In an ideal 'typical' week, I get up Monday and do some exercises for my back, do my meditation/prayer/centering/Bible time, and then get to the Dojo to teach Aikido from 9:00AM-11:00AM.  I then run needed errands (picking up packages at UPS, mail, checking bank accounts, responding to emails etc.), eat lunch, and do more ministry administrative work until 2:30PM, when I do my own workout/training/lesson prep at the Dojo.  I get done at 3:30PM in time to spruce the place up for the evening, then I teach kids class from 4:50-5:50PM, adults 6:00-8:30PM, spend 45 minutes at The Gamers Guild register, then have small group from 9:15PM-10:45PM at Common Grounds Coffee House and Free Store (inside The Gamers Guild).  After that, Tella and I start wrapping things up at The Gamers Guild and Free Store and get home around 11:30PM.  I get ready for bed; Tuesday is actually a busier day that involves recurring ministry meetings in the morning, trying to catch up on any and all required paperwork for all 3 entities and then advancing ministry projects (preparing for upcoming outreach projects in the week, helping individuals move, get food, get needs met etc.), teaching Aikido from 4:00-8:30PM, being at The Gamers Guild and Free Store from 8:30PM-10:30 or 11:30PM, and then getting to bed.  Wednesday is a Sabbath, Thursday is about like Tuesday with more recurring meetings and less time for other projects, and Friday involves morning classes from 8:00AM-10:00AM, errands, workout and class from 11:45AM-3:00PM, one hour and a half to catch up on final things, small group at 5:15PM, Game Night from 7:00PM-2:00AM, and then Saturday and Sunday are usually fairly full with other things.  Next weekend is workshop at the Dojo and a fundraiser for student scholarships, while Sunday is Church, teaching Spanish at my place, then tournaments.  It all rolls right back into Monday.

This schedule also has to flex for things like helping Jerry, a homeless man whom we've helped get an apartment, a bed, and other assistance, emergency moves (we have a call to help a woman in a domestic situation move her things this week), and people who urgently need to talk about life's big things.  When I look at it honestly, I work a minimum of 55 hours a week (on a rare week like this week where we had no Saturday events) and a maximum of 80 to 90 hours.  While it is important stuff, and while I do think it serves the Kingdom, I think it's so busy that I don't have enough time to truly gain energy and zeal to do some of the work.  I'm aggressively praying about what I can cut out and how to do it so that I do have more down time with my wife and just with myself.  I feel more rested and invigorated and ready for this upcoming week than I have for any week that I can remember in years--all because I've slept more and had more mentally disengaged time this last week than I have in a long time.  Even my couple of weeks off each year are spent on mission trips or Dojo trips--it's time for me to figure out how to do this better.  To do that, I know that I have to cut some things--maybe even beneficial programs that we've long done; please pray with me as I go through this process and try to figure out what that might be!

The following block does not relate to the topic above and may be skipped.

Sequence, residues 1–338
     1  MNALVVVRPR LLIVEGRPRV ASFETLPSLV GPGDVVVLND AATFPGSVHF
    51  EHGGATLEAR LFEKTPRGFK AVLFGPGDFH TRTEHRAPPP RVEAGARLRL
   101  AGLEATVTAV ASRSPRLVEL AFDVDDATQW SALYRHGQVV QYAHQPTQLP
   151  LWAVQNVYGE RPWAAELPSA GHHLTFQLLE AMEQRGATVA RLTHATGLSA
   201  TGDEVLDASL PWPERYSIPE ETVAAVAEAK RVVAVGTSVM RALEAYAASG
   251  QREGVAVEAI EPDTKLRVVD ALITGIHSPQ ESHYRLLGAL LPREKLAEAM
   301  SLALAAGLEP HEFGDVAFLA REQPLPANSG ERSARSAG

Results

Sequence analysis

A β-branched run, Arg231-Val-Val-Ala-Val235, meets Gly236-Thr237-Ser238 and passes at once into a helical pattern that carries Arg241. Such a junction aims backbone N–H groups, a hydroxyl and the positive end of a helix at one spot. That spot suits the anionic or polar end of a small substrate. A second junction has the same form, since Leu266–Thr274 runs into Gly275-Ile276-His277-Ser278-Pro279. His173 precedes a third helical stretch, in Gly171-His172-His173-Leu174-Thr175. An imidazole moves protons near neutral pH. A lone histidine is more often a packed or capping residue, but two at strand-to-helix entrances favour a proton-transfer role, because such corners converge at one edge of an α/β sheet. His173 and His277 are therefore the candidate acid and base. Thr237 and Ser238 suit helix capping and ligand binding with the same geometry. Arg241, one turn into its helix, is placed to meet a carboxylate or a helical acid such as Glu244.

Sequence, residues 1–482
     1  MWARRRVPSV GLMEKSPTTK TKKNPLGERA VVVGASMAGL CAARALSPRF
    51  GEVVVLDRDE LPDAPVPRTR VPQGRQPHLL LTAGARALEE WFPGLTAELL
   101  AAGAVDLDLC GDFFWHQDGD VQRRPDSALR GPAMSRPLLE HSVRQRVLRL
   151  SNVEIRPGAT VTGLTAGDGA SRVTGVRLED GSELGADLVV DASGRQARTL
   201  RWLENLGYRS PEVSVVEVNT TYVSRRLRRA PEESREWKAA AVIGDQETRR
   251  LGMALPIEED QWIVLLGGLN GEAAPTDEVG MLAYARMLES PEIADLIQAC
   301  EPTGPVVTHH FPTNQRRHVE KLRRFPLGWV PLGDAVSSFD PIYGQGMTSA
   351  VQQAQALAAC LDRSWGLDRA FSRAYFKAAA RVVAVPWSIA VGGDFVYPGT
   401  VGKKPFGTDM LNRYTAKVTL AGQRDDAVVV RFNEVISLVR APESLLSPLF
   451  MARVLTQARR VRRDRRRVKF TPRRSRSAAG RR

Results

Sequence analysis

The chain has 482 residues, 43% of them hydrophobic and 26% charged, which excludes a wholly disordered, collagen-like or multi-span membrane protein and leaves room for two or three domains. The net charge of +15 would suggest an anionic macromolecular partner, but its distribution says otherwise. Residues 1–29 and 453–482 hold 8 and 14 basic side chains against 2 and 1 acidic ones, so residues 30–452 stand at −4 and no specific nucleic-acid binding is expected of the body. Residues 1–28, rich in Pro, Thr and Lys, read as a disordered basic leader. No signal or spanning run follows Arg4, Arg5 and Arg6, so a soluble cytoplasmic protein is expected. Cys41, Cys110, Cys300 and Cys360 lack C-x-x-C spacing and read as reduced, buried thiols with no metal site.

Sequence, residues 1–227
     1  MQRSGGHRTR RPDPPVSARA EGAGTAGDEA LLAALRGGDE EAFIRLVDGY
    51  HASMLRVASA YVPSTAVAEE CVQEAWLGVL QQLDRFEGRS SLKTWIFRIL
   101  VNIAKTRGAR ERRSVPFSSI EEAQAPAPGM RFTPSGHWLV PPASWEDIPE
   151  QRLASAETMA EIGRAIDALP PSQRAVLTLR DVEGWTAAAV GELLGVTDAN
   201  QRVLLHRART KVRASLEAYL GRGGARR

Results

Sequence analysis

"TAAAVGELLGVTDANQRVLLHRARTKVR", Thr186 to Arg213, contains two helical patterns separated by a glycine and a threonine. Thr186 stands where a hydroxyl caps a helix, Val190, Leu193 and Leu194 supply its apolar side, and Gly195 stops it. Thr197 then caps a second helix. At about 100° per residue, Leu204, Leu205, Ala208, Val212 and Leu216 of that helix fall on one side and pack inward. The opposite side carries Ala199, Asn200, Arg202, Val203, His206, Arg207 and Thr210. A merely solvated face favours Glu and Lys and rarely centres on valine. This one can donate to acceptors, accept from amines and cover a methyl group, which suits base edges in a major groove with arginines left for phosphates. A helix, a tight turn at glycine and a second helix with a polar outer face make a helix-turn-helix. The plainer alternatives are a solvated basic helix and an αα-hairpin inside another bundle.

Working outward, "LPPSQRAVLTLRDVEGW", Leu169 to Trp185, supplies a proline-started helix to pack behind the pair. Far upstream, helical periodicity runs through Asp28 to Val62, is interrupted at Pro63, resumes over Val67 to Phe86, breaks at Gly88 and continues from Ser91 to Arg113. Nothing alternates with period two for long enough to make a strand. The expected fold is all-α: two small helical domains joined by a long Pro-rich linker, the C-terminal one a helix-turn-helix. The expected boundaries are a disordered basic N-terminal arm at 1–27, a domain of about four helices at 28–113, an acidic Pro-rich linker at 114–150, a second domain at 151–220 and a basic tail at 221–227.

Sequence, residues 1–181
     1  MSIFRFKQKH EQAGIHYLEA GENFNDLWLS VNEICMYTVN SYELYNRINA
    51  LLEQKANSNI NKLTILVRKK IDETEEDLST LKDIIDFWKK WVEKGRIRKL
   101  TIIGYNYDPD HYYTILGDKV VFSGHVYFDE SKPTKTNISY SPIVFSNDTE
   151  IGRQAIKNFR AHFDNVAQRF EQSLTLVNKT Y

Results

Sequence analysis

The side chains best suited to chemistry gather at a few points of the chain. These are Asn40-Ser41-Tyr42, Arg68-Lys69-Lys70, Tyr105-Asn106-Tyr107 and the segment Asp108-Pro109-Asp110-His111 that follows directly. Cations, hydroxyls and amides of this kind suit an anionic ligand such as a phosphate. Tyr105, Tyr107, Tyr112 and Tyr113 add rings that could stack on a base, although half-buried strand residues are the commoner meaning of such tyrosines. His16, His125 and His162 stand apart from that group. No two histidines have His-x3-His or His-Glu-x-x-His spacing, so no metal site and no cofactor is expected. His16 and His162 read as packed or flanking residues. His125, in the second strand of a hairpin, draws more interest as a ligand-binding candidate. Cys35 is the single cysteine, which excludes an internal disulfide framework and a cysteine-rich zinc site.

Ministerial Alliance Meeting--Thoughts about Sacrifice

February 10th the Ellis County Ministerial Alliance meeting was held at Unite's Common Grounds Coffee House and Free Store.  It was a busy start--my wife, Tella, and I were cleaning the place up and getting it ready early.  The One advisory board met first and chatted about the publication while we prepared.  I was excited, because I had four unique guests at the event.  Pat, who is opening Breathe Coffee House on Main Street, was there.  Much of what he plans to do there will work with much of what we are already doing, and some of his plans will involve a lot of the churches that attend the ECMA, so I was very glad that he could make it.  Dave, the station manager at KPRD was also in attendance.  Since he's looking to network more with local communities and since many of them could take advantage of his public service announcements, I was very glad to see him again.  Also in attendance were two Mormon missionaries who had originally shown up at our doorstep asking to chat about Jesus.  Considering my what my life was about, I couldn't really say no to an opportunity to chat about Jesus.  As I got to know the two of them, I found out that they were interested in Aikido (they now take a morning class at our school), and that they need more community service hours but don't have good connections to local community service opportunities.  Since many of the nonprofits at the ECMA are always hard up for volunteers, I figured that it would be good for them to be in attendance to announce their availability to help out.